It is fun for me when I hear of traditions my kids took with them to their own families.  Of course, they rarely are exactly the way they were followed growing up because circumstances are different, family dynamics have changed, and they are creative enough to tweak traditions to be even better for their families.

When I first read What Is a Family?, I was a young mom just beginning to make memories for my family.  Now I can look back upon decades and agree with Edith that "time is such an allusive thing".  One doesn't realize just how fast time goes until one day you look in the mirror and see your mother staring back at you. 

So now is the time to brush off old traditions, begin a new one, or think ahead to the Holidays.  They will be here before you know it.  If you have begun hyperventilating, sorry about that.  Make it simple and you will be fine.

Mentioned in this Blog Post
What Is a Family?... here.
The Hidden Art of Homemaking... here.
Let's Make a Memory (revised edition, third party)... here.

*It helped that the University and the school my son attended before we began homeschooling were in the same town.

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7 comments:

Anonymous said...

Thank you for writing these things . My grown girls , still at home , just said to me they miss the fact that I used to decorate for every holiday and season ...I had thought it wouldn't matter so much to them now that they are both just out of their teens. I especially love decorating for Autumn , so I will begin again this year , I loved the tradition too , I guess somehow I thought I was only doing it for my young children . Karen

txcatlover said...

Darling daughter and I went out for donuts her first day of preschool. Little did I realize it would become a treasured tradition. We have been out for donuts every "first day" since --- through high school, college and beyond. She is now a teacher herself and we still meet for donuts the first day of school. I'm the one who is most blessed.

Deanna Rabe - Creekside Cottage Blog said...

Traditions are so important as memory markers in our lives! We do start school in August but since we homeschool, we can go swimming still if we want!

Peggy said...

I got hold of a copy of What is a Family? not long ago...very good book.

Thickethouse.wordpress said...

I love traditions and our family had/has many. Perhaps the one which meant most to us was having a family tea with Christmas carol singing every Sunday in Advent. My very grown up kids (the "baby" is 36 now) remember this with happiness and we have family songbooks and still do this as much as we can. I was always a stay at home Mom so it was easier for me. A tradition I never have done because I wasn't aware of it soon enough is one of having muffins for breakfast on the first day of school. This is from the Betsy-Tacy books by Maud Hart Lovelace. I'm on a discussion list for these books and many of our members do make muffins for their children on the first day of school. Everyone makes different muffins and some years they talk about which ones they are making. My grandmother lived on a street that many school children walked past (and we walked home for lunch and back after lunch as well as walking in the morning and at school's end) and she loved to put up some decorations on her front door and window for all the holidays - even Valentine's day and St. Patrick's Day.....I was so blessed with traditions and I think they are very important!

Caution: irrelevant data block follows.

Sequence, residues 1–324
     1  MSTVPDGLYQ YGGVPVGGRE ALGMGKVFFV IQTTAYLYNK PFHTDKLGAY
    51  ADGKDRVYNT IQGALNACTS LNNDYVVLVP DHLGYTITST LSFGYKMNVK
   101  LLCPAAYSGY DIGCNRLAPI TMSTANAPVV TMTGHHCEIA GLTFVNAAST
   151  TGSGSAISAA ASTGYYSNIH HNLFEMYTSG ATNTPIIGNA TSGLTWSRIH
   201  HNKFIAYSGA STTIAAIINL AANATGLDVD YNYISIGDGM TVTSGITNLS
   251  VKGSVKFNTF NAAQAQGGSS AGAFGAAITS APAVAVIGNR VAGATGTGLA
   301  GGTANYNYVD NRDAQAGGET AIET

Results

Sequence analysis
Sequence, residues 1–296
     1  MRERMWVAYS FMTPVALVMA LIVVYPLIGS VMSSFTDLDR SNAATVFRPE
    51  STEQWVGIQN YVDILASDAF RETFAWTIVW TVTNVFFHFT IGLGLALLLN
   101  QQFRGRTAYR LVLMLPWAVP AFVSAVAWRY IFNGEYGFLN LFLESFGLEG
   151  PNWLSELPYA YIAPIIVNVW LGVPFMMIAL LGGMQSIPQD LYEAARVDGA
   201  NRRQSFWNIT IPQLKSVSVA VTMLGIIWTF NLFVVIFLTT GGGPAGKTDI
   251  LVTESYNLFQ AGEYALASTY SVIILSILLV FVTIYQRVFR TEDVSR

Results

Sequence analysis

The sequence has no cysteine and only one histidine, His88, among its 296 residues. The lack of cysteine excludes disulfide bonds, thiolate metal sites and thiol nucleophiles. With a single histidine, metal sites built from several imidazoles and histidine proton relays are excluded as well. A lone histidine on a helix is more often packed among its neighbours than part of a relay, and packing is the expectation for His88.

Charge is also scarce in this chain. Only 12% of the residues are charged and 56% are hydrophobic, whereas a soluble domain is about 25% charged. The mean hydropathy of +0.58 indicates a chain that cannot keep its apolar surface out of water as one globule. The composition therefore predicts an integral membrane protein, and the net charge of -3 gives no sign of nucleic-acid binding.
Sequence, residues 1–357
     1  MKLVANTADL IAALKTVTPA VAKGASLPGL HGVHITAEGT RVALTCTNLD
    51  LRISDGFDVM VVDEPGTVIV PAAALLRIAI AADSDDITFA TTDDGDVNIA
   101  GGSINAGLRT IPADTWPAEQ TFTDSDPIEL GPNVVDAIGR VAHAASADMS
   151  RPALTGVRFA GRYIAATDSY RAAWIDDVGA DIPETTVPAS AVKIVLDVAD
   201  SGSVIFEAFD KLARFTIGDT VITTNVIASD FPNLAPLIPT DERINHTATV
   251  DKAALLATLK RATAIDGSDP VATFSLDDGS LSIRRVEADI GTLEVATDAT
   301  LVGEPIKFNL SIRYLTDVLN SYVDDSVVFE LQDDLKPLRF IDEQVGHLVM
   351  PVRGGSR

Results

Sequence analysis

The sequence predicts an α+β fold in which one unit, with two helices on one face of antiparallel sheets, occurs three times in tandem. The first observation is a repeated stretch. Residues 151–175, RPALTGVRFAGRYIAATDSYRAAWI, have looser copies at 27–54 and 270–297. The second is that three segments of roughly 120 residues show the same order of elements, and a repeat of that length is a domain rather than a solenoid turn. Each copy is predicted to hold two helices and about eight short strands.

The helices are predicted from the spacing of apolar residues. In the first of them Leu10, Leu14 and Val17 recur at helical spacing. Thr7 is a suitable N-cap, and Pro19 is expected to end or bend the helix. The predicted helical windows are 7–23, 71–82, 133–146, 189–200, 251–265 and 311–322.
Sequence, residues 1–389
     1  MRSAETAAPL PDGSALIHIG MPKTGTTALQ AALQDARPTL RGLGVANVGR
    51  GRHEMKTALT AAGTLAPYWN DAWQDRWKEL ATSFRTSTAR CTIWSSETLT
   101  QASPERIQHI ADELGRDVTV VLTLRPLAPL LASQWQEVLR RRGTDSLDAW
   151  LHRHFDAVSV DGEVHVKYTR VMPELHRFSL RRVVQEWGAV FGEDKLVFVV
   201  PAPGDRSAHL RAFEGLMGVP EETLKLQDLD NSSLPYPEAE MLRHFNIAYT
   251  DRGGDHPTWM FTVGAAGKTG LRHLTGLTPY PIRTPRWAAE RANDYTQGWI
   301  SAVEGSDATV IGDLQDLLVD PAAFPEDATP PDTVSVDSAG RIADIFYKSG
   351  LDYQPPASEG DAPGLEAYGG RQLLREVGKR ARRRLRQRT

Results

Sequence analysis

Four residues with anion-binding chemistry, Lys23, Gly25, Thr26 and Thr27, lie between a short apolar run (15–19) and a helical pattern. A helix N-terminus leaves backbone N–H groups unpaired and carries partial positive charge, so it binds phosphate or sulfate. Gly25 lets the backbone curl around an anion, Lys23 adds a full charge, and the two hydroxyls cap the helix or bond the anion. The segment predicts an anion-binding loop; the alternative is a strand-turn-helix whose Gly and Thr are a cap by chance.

Vee said...

Traditions are very important and I am afraid that I have fallen down on the job. I will ask the family to see if they think we actually have any. Loved reading Kristi’s comment. Tea for every Sunday in Advent with singing of Christmas carols sounds so charming and meaningful.

Melissa said...

I have the "Let's Make a Memory" book also. There are also books now about long distance grandparenting that I'm using for my grandsons who live in Florida; trying to stay connected with them. They start school this week! But then they do get an extra week off in October for fall break, sometimes we're able to visit them at that time, or they come north, which is great for the weather transition, since we're all from Ohio. Memories/traditions made. In fact one tradition we sent to them was apple cider in the fall (yes, they can buy it in FL, but just knowing it came from the midwest was special for them!)